From the ‘Daily Telegraph', 15 September 2011.
BASED ON MITOCHONDRIAL RESEARCH AT WAYNE STATE UNIVERSITY, DETROIT
Scientists found that small amounts of dark chocolate may improve health in a similar way to exercise.
The researchers focused on the mitochondria, the tiny powerhouses in cells that generate energy, and discovered that a plant compound found in chocolate, called epicatechin, appeared to stimulate the same muscle response as vigorous activity.
Dr Moh Malek, from Wayne State University in Detroit, who led the US study on mice, said: “Mitochondria produce energy which is used by the cells in the body. More mitochondria mean more energy is produced the more work can be performed.
“Aerobic exercise, such as running or cycling, is known to increase the number of mitochondria in muscle cells. Our study has found that epicatechin seems to bring about the same response – particularly in the heart and skeletal muscles.”
A specific type of epicatechin from cocoa was given to mice twice a day for 15 days.
At the same time, the animals underwent 30 minutes of treadmill training each day.
Researchers found that mice only fed epicatechin had the same exercise performance as those running on the treadmill.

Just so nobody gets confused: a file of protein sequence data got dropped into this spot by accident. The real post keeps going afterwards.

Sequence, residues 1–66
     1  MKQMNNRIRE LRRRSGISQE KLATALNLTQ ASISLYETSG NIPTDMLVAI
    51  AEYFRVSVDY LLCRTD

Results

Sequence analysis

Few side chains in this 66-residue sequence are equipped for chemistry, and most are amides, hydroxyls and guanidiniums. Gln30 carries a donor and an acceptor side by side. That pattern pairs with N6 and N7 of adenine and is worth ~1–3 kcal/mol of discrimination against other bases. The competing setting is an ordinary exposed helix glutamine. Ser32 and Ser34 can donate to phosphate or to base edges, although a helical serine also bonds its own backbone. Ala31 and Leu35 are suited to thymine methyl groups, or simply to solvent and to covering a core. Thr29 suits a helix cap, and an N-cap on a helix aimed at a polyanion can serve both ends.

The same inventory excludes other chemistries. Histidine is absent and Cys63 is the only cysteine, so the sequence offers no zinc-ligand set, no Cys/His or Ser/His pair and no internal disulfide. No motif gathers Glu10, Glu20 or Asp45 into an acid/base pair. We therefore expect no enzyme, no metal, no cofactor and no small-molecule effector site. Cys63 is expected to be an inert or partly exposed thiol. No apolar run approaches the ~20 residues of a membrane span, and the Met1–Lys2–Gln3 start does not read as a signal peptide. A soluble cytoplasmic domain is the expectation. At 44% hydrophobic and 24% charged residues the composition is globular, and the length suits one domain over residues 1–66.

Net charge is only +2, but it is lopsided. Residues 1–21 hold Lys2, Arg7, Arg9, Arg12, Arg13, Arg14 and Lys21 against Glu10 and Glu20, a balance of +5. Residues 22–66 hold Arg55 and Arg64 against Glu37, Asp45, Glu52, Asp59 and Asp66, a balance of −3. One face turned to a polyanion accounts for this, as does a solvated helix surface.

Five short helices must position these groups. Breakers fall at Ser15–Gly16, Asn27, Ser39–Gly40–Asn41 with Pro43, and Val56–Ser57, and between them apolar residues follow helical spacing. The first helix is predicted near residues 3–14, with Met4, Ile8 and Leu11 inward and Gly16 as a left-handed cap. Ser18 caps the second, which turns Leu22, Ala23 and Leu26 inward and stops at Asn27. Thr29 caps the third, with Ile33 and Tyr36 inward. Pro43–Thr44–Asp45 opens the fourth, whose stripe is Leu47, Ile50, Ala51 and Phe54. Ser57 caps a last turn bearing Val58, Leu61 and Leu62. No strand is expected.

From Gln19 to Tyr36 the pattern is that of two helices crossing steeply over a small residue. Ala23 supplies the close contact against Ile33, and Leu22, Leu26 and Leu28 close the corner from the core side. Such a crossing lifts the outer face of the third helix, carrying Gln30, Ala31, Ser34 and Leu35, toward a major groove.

The findings were published today in the Journal of Physiology.
The scientists hope their research will lead to better ways of combating age-related muscle wasting.
“The number of mitochondria decreases in skeletal muscle as we age, and this affects us physically in terms of both muscle energy production and endurance,” said Dr Malek. ”Applying what we know about epicatechin's ability to boost mitochondria numbers may provide an approach to reduce the effects of muscle ageing.”
Middle-aged mice who both exercised and ate epicatechin showed an even greater benefit.
“It appears epicatechin treatment combined with exercised could be a viable means to offset muscle ageing,” said Dr Malek.
He added: ‘”At the moment it would be a leap of faith to say the same effects would be seen in humans. But it is something we hope to identify in future studies.”